Tetrachords in medieval music

Are tetrachords used in medieval/renaissance music the same way as modern chords are used in modern music (as a base for the melody)? And if so... how are the applied?
6
votes
2answers
800 views

Are there any thematic similarities between Shostakovichs' Symphony 5th and Beethovens' 7th symphony? [closed]

Taking a look at the opening bars of Shostakovichs' Symphony 5th and Beethovens' 7th symphony 4th movement (bar 136 onwards) see below they sound kind of similar. Somebody suggested (Radio 3 I think)...
3
votes
1answer
63 views

Was tube screamer designed to run into already distorted tone

Many guitar gear reviewers (one example) claim that tube screamer was designed to run into dirty amp. While it's definitely common application for all mid humped overdrive pedals (especially ones with ...
2
votes
2answers
213 views

Are there fewer rhymes in contemporary popular music? If so, why?

Vsauce mentions a study by Joan Serra showed contemporary pop music is less complex in its musical motives than it was, which he explains by a wider diversity in form and genres. While complexity of ...
11
votes
1answer
991 views

Musical Shape on music stand

I've seen this shape a few times, but what exactly does it represents?
4
votes
1answer
98 views

was the 12/16 measure usual in the time of Bach?

We met today this work by Bach with this strange time - strange to me as I've never met before this meter. Of course it is possible ... but I ask if someone knows another composition with this meter, ...
16
votes
4answers
1k views

Naming convention for augmented 6th chords

There are three types of Augmented 6th chord the German, the Italian, and the French. Most chords are named for the intervals they contain or their function, but these seem like just arbitrary names ...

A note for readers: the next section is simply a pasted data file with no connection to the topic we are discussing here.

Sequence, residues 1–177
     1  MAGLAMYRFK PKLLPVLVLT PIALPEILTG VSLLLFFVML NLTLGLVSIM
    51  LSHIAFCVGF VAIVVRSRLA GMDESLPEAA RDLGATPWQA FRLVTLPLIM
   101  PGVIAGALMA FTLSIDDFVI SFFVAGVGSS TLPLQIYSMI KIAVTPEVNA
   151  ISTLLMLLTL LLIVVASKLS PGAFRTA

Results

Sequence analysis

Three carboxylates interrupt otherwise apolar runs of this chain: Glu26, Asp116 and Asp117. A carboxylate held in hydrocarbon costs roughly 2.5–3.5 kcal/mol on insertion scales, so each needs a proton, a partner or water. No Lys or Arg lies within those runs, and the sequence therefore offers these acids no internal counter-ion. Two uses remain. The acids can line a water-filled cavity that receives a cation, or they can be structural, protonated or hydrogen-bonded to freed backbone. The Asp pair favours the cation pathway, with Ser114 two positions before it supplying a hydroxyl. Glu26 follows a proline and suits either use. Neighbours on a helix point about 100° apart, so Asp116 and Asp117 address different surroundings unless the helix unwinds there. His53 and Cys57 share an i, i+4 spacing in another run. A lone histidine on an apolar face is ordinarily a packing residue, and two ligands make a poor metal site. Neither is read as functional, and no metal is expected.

11
votes
2answers
102 views

Notation of triplets in Bach’s *Orgelbüchlein*

In the following piece from J.S. Bach’s Orgelbüchlein, the nearly constant triplet line seems to be incorrect: The time signature is 3/2, but there are 9 eighth-note triplets per measure rather than ...
8
votes
1answer
609 views

On The Origin of Dissonant Chords

Without relying upon French harmonic theory (Rameau for instance), can you explain how the emergence of “freely” (by freely, I refer to such harmonies not being the result non-harmonic tones, or ...
4
votes
1answer
81 views

Ellington's Mood Indigo: clarinet voiced below trombone “never heard before”?

I'm writing a paper on the song 'Mood Indigo' by Duke Ellington, from 1930. It is known for its achingly beautiful sound, which is achieved via three-part harmony of trumpet, trombone, and clarinet. ...
8
votes
2answers
212 views

When was the dominant ninth chord incorporated in music theory?

The "ninth chord" that Rameau, Kirnberger, Marpurg or Koch (inter alia) discuss during the 18th century is the chord formed by a triad and an added ninth, and its explanation is always through a "...
-8
votes
1answer
161 views

Jaws vs. Dvorak [closed]

There is a worldwide-viral debate involving the Jaws theme as if it is a "rip-off" of the finale of Dvorak's Ninth Symphony. Some say if the theme is sampled from Dvorak. Did John Williams really ...
25
votes
3answers
4k views

Why does a 97 / 92 key piano exist by Bösendorfer?

Pianos normally have 88 keys, ranging from A0 to C8. One of Bösendorfer's pianos go down to F below the low A. The other model goes down to C. How did this happen?
4
votes
1answer
111 views

When did the aeolian mode change to the harmonic minor?

Looking for explaining the "transformation" of the minor 7th to a major seventh I found this question by Bart Brush in a Choral net forum. He asks about the modality of folk songs in the oral ...
4
votes
1answer
68 views

Has there ever been a piano accordion with piano keys on both hands?

It's possible to find a piano accordion with piano keys on the right hand and the triangular arrangement of buttons on the left-hand. It's also possible to find a button accordion with the triangular ...
28
votes
8answers
21k views

Why is the lowest note on the piano an A?

I've always wondered why almost every piano's lowest note is an A. In fact, I've never seen a piano whose lowest note is not an A, and I have also noticed that this pattern only occurs in pianos; most ...
6
votes
1answer
67 views

was the first inversion of triads usual before Renaissance? where there any rules about doubling or not doubling root tone?

We have the music of Palestrina, Gallus, Lassus, Cavalieri, Lechner and others. Most chords are in root position. But some are not. In which period the first inversion of triads came up? Was it right ...
15
votes
3answers
5k views